The Celaa law is highly contested for several reasons. On the one hand, the bishops – and other religious leaders – in Spain warn that it’s a threat to religious freedom and freedom of education, both protected by the country’s Constitution. If the bill passes, parents will no longer have the right to have their children receive religious and moral training that is in accordance with their own convictions.

It will also lead to the closure of thousands of schools run by the Catholic Church that receive subsidies from the State, leaving parents with the choice of sending their children to State-managed schools or more expensive private schools. In addition, educational centers aimed at helping children with severe disabilities will also close, under the argument that these children have the right to go to a “normal” school, where teachers are already overwhelmed by 30 or 40 kids per class.

In the words of an association of parent of children with special needs, their sons and daughters will be “parked as furniture” in conventional schools.

Speaking about the educational reform, Omella said that as bishops, they “deeply regret all the obstacles and challenges that they want to impose on the action of concerted Catholic institutions,” as private schools with partial federal funding are known in Spain.

He also recalled that “the Church’s work in the educational field is relevant. Not only does it serve almost two million families, many of them in the poorest and most populated enclaves of our society, but also promotes research, innovation and development projects for all teachers and centers of the educational system.”

“This is not the time to put obstacles, to confront public and private institutions, but to work together,” Omella said, adding that it’s necessary to “cooperate effectively and efficiently to offer an adequate education to all children, adolescents and young people in our country.”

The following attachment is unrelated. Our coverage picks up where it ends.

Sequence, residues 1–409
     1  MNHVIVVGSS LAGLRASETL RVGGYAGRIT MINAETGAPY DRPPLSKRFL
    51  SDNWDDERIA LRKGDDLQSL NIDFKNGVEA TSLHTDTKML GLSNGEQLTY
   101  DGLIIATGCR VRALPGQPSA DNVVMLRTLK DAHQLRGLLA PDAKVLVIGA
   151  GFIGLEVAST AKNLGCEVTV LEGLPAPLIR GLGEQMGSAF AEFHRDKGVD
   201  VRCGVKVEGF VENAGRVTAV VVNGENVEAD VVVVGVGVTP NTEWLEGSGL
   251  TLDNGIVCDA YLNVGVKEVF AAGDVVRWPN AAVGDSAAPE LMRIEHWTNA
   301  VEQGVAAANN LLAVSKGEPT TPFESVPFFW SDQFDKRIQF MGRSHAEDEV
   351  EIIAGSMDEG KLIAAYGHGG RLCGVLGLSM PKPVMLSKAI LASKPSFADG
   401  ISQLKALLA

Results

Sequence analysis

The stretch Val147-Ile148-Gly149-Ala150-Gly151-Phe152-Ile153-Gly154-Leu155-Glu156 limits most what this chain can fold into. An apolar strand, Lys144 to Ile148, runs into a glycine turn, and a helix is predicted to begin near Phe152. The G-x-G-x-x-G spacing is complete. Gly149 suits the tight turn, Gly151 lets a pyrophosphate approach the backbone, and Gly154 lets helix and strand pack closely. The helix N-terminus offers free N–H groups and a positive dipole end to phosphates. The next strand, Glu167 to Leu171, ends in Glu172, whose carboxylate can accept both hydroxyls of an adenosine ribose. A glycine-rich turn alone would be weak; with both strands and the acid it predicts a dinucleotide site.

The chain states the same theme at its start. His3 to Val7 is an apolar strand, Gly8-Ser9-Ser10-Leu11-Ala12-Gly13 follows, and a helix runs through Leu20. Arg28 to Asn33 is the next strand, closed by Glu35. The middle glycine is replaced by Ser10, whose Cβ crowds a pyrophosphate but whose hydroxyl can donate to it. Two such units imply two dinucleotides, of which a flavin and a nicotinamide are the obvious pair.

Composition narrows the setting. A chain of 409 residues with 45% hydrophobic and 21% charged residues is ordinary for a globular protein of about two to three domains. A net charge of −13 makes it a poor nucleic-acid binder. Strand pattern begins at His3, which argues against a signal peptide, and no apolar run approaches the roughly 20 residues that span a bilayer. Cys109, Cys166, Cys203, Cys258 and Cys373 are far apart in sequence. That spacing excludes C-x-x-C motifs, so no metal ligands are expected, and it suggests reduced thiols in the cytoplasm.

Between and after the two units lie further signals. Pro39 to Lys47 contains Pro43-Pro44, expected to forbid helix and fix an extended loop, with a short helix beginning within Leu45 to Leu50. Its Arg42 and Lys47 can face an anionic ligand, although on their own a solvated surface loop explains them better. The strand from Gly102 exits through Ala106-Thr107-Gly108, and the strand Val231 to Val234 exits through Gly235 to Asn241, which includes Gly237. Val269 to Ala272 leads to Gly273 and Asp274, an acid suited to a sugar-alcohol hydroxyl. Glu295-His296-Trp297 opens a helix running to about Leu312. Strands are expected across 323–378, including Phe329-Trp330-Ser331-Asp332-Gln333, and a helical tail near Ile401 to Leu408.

He also urged the government coalition to respect the constitutional right parents have to freely choose the educational model they want for their children. The teaching of morals and religion should not be removed from schools, Omella added.

“In fact, in a technocratic society in which a small virus has overwhelmed us, the teaching and cultivation of philosophy, theology and spirituality is more than ever necessary,” he said.

During his remarks, Omella also called on politicians to avoid causing further stress to society with matters that are not a priority and which require a “serene and profound debate,” and called on Spaniards to “recover the spirit of concord that made it possible for our elders, after a very hard war between brothers and the long period of the [Francisco] Franco regime, with politics for the common good, to reach agreements that demanded sacrifices, generosity and mutual trust.”

Not one to mince words, the cardinal of Barcelona also called for a better political culture in Spain, saying that for many, politics is “a bad word, and it cannot be hidden that behind this, there are the many errors, corruptions and inefficiencies of some politicians. To this, we must add the strategies that try to debilitate politics, replace it with the economy or dominate it with a certain ideology.”

Speaking about internal church matters, the cardinal said that, faced with “the worst economic recession since World War II, the reaction of the church has been and is to go to the rescue with all the means available, redoubling the efforts and deploying all the available resources.”

However, the closing of churches and the restrictions in Mass attendance have caused Church income to decline. In this sense, and given the serious economic situation that parishes and dioceses are going through, Omella told the bishops that “it’s urgent to rethink how to involve the Catholics and the general public” in the Church’s charitable mission.

Follow Inés San Martín on Twitter: @inesanma